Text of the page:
Friday night was very slow in winter ball for the Pittsburgh Pirates due to both the schedule and games being rained out. It started off fine with Robbie Glendinning going 1-for-3 with an RBI in Australia, but that was it for the rest of the day. So instead of not posting a winter article, I had a nice chat with Glendinning about numerous topics, including playing year round, higher scores in Australia recently and learning from a Major League player.
A little background on Glendinning for those who don’t know him well. He was born and lived in Australia until he came to the U.S. in 2014 to attend college and further his baseball career. He plays winter ball (technically it’s summer ball there) for the Perth Heat of the Australian Baseball League, which is his hometown team. Glendinning spent two years (2015-16) at Northern Iowa Area Community College and put up huge numbers. He then went to Missouri, where he hit .274/.386/.463 in 56 games, with 22 extra-base hits, 35 walks and seven stolen bases. That led to him being drafted by the Pirates in the 21st round of the 2017 amateur draft.
Since signing, Glendinning spent the 2017 season in Morgantown, then split 2018 between Morgantown and West Virginia. He posted a .571 OPS in 29 games after signing in 2017, then had a .741 OPS in 59 games this past season, hitting slightly better during his time in West Virginia. Glendinning’s 2017 season was a long one between college, pros, the Fall Instructional League, then topping things off with 21 added games in Australia during winter ball, plus three playoff games.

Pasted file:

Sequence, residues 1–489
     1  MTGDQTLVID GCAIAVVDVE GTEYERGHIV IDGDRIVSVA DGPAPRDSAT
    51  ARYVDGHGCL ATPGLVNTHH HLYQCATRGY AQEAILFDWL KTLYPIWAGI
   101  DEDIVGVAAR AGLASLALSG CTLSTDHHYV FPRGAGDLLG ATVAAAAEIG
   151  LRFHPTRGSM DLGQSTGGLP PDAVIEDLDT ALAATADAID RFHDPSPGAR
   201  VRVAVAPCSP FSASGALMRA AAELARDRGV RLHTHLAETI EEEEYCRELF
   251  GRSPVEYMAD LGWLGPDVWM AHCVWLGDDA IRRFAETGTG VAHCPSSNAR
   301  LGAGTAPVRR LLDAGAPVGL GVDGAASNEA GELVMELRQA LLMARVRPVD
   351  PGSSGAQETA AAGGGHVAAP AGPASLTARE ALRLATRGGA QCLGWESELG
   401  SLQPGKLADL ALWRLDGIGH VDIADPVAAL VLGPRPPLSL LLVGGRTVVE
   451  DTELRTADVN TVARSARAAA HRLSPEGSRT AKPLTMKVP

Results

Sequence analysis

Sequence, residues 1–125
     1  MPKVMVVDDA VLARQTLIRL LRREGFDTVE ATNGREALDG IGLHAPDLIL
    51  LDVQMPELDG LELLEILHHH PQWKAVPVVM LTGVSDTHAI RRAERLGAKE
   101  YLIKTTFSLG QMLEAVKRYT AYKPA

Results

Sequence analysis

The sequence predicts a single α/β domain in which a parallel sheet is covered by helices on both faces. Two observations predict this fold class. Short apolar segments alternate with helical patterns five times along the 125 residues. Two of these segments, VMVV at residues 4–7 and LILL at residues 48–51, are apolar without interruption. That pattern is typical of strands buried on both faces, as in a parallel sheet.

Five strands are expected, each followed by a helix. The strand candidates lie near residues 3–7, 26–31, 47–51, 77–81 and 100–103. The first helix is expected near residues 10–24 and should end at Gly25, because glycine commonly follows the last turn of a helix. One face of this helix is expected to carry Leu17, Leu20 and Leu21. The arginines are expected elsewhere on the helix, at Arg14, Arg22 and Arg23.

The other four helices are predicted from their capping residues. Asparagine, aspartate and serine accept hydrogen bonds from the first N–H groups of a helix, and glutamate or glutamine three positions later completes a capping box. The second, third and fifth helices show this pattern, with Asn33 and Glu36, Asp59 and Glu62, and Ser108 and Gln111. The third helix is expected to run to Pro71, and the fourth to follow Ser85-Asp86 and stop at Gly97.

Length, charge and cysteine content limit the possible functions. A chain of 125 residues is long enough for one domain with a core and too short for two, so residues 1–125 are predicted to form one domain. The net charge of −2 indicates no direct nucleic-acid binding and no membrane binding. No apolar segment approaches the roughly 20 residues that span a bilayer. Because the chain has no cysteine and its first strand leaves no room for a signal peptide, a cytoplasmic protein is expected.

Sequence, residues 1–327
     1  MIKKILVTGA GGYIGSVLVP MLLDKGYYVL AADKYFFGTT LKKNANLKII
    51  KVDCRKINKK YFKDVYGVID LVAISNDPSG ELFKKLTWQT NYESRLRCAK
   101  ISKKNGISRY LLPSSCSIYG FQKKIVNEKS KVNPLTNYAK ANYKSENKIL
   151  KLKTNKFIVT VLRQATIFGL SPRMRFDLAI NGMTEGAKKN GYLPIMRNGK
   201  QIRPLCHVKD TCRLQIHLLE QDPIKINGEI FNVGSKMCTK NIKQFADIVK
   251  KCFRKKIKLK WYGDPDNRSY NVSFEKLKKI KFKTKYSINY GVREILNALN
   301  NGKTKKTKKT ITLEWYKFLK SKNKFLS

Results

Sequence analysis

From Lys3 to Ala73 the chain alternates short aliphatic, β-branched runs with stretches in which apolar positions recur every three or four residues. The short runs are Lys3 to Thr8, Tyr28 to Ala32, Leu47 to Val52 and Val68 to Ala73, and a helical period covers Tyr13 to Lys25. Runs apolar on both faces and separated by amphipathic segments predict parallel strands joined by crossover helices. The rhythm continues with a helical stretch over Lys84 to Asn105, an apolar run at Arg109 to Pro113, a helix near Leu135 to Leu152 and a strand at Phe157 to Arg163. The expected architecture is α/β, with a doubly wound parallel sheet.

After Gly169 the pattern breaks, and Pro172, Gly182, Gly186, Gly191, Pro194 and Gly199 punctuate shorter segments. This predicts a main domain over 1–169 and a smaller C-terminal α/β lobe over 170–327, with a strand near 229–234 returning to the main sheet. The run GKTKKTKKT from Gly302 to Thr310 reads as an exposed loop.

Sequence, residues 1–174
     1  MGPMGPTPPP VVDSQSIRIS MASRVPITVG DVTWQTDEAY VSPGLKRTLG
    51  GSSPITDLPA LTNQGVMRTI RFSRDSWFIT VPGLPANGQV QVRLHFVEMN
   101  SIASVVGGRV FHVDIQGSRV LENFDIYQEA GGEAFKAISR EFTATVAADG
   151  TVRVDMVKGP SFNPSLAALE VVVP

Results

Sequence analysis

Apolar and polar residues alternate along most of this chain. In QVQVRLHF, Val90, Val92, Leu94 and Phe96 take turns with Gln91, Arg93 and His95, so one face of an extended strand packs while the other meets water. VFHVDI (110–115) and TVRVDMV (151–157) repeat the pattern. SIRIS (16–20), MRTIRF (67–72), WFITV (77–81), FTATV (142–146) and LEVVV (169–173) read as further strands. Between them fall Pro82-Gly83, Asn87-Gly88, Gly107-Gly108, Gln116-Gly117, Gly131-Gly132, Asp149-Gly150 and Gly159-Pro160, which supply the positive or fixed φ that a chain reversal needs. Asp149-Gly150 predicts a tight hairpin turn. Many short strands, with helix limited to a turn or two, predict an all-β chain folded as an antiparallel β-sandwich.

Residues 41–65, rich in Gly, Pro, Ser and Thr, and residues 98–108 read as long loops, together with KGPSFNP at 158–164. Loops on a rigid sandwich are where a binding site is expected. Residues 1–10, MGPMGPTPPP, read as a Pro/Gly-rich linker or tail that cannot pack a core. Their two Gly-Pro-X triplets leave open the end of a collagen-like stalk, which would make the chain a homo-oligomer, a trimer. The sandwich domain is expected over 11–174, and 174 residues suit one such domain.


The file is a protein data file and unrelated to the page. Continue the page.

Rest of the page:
Glendinning is hitting .298/.364/.511 through his first 13 games this winter. He plans to play in Australia through the end of the season, which will take him up to January 20th during the regular season and possibly as late as February 3rd if all things go well for his team in the playoffs. Shortly after that, he will head off to Bradenton for Spring Training, trying to win a job with either the new affiliate in Greensboro, or possibly move up to the Bradenton Marauders. He’s an athletic player, who can handle shortstop and also plays second base and third base.
I mentioned before that he plays a lot of baseball. He was playing in October this year for Team Australia in a World Cup tournament. Earlier this year, he was in Bradenton for both Spring Training and all of Extended Spring Training. Those are all numbers that don’t show up on the stat sheet. During college, Glendinning played two years of summer ball and one year of fall ball.
I asked him about playing year round, when many players are training and resting, instead of getting those extra reps on the field.
“I still try to find some portions of time when I can focus on rest and conditioning,” Glendinning said. “But being from Perth and growing up watching the older Australian guys who would come back and play, it’s been the normal thing for me to do. Also, growing up here we don’t play nearly as much baseball as an American teenager so this is kind of my way to catch up to those guys in at-bats and game experience.”